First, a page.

Lockheed Martin, BYU Partner To Apply VR Tech To Engineering Designs.

ExecutiveBiz Share to FacebookShare to Twitter (3/1, Nicholas) reports that on Tuesday, Lockheed Martin announced that it has partnered with Brigham Young University for the development of virtual reality systems to help users interact with, review, and share engineering designs. The program is tied to the company’s Digital Tapestry approach. Lockheed Martin Collaborative Human Immersive Lab Director Darin Bolthouse said that the effort “will help us learn from and share experiential 3-D imagery in every stage of product development.” Lockheed VP John Karas added that the initiative will help clients experience designs in a digital format.

Cornell Receives $200K To Assist Local Manufacturers.

The Ithaca (NY) Journal Share to FacebookShare to Twitter (3/1) reports Cornell University “will receive grants totaling $209,000 to provide research assistance to small- and medium-sized New York manufacturers with innovative projects that will eventually create job opportunities.” The awards were announced on Wednesday “as part of a $469,000 package of grants given by the state’s Manufacturing Innovation Fund to seven different projects across the state.”

Workforce

Trump Signs Bills Meant To Help Women In STEM Fields.

The Houston Chronicle Share to FacebookShare to Twitter (3/1, Ryser) reports President Trump signed two bills intended “to help women launch careers in the fields of science, technology, engineering, and math.” The Promoting Women in Entrepreneurship Act and the Inspiring the Next Space Pioneers, Innovators, Researchers, and Explorers Women Act “will help women in the so-called STEM fields where they are underrepresented” according to an announcement.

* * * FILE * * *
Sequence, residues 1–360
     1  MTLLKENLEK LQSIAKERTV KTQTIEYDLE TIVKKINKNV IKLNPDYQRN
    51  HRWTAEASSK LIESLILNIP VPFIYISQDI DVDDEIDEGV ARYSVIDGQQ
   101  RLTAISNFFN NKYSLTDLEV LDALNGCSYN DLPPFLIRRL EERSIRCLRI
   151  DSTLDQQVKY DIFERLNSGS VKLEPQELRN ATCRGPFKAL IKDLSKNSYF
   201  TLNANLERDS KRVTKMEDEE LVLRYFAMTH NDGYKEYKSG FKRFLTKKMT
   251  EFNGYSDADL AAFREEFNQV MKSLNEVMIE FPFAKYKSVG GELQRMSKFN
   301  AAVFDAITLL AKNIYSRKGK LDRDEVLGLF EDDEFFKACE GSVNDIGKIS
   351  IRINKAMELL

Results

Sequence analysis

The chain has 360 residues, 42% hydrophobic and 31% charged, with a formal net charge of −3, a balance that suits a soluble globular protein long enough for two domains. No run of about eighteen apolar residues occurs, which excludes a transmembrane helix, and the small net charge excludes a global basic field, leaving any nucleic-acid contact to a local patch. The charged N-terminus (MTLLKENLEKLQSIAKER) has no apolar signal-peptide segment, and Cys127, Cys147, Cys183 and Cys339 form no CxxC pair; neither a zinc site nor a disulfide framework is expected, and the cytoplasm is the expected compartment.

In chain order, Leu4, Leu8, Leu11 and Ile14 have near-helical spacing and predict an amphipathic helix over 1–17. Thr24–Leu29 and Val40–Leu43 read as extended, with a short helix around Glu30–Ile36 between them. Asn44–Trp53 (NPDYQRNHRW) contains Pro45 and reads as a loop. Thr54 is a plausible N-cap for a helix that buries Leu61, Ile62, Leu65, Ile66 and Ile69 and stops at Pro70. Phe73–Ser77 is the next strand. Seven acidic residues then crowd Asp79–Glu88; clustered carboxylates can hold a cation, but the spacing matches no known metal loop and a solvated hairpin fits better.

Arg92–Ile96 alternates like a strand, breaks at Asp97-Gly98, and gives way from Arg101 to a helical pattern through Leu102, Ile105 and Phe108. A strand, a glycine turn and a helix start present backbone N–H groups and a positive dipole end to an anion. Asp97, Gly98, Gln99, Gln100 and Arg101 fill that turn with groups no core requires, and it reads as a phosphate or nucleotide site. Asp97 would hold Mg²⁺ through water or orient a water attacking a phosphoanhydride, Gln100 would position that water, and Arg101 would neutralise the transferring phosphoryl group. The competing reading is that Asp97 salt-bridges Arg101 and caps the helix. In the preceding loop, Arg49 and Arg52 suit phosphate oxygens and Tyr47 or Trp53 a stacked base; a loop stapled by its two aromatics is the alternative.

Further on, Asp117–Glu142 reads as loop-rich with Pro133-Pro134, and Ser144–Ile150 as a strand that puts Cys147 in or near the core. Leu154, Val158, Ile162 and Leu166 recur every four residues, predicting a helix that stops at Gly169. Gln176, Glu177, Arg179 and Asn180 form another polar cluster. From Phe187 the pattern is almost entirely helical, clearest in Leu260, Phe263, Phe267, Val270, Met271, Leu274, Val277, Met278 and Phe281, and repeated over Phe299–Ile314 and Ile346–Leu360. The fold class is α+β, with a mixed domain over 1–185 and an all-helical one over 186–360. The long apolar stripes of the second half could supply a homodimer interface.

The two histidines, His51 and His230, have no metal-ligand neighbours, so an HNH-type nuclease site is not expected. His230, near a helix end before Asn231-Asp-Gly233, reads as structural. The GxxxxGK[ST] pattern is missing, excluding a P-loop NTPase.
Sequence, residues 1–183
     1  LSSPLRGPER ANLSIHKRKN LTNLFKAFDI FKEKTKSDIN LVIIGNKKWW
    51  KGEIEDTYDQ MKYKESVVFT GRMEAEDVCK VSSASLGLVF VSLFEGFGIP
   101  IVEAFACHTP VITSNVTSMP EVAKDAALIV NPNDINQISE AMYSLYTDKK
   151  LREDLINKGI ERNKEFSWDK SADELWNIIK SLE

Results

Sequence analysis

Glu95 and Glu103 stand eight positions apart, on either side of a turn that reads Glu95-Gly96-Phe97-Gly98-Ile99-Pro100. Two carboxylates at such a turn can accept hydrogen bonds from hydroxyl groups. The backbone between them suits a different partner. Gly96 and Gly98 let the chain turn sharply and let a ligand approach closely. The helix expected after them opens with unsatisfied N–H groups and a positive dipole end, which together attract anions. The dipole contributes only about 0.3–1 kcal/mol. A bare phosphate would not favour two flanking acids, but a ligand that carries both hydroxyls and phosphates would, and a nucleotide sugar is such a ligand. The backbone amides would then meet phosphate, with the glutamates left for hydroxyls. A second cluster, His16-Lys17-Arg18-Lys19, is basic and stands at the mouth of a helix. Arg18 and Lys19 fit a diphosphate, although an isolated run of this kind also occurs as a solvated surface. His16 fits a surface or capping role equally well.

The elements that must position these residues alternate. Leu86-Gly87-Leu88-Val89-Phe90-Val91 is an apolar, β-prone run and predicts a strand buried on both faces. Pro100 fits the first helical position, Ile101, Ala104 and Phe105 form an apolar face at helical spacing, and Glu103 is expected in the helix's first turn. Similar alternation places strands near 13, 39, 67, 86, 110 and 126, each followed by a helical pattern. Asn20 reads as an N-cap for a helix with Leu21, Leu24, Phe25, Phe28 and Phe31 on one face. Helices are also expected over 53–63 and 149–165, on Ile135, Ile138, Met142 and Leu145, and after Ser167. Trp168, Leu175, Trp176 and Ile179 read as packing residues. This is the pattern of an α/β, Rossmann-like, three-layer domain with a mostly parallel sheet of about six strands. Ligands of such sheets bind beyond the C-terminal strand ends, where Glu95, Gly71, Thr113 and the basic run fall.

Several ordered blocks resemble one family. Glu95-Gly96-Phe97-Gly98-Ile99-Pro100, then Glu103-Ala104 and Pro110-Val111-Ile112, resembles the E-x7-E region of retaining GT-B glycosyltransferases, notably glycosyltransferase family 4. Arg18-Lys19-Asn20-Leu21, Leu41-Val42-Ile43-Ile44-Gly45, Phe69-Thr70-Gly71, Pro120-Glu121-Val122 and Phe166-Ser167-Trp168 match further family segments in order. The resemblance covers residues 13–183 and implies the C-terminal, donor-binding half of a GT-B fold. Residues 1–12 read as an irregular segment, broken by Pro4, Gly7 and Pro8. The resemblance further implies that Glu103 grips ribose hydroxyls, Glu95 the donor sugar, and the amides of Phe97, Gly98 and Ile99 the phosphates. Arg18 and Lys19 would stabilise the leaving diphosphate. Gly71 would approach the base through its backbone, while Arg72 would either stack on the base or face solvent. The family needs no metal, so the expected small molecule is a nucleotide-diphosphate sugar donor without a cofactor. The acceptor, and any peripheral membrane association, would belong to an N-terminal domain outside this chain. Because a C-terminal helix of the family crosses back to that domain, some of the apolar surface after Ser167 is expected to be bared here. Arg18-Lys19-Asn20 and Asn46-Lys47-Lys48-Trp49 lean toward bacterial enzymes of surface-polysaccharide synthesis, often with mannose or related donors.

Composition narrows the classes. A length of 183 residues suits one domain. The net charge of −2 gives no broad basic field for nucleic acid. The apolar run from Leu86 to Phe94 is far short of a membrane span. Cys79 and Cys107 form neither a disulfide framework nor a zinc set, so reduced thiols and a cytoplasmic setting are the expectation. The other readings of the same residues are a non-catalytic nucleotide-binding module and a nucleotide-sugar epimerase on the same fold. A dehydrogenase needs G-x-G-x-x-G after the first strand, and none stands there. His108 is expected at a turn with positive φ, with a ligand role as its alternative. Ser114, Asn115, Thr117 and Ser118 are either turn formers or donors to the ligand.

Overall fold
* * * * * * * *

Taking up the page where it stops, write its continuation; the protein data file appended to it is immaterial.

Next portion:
Global Developments

Japan Seeks To Have 20% Of Cars To Be Autonomous In 2030.

DigiTimes (TWN) Share to FacebookShare to Twitter (3/1, Lin) reports Japan’s Ministry of Economy, Trade and Industry (METI) has announced a goal of having “20% of cars to be self-driving models in 2030.” DigiTimes research has found: “METI will begin to allow self-driving cars to run in low population areas in 2017”; will seek to provide self-driving taxis for the Tokyo Olympic Games in 2020; will permit autonomous cars on highways in 2025; on city roads in 2027; “and on all roads in metropolitan areas in 2030.”

Industry News

Samsung Discloses It Paid $215M In Acquisition Of Viv Labs.

Venture Beat Share to FacebookShare to Twitter (2/28, Novet) reports Samsung has disclosed it paid the equivalent of about $215 million in Korean won for the acquisition that made Viv Labs a subsidiary of Samsung Research America, most of which was “for goodwill” according to the filing. VB reports that since then, Viv Labs, the “virtual assistant startup” “whose team built Apple’s Siri virtual assistant,” has generated a $3.08 million loss. CrunchBase is cited reporting that Viv Labs received $30 million in funding prior to the Samsung acquisition. VB explains that Samsung’s Galaxy S8 will launch March 29 and “will include the Bixby virtual assistant, not Viv, which the startup showed off last year.” The S8 is expected to “go head to head” with a number of competitors’ devices that will also incorporate virtual assistants, including the Google Assistant on the LG G6 and Google’s Pixel phones, The Lenovo Moto Z which has an Amazon Alexa mod available, Apple’s Siri, and a virtual assistant that Huawei is reportedly developing for itself.

Report: Robots From Leading Manufacturers At “Critical Risk” Of Being Hacked.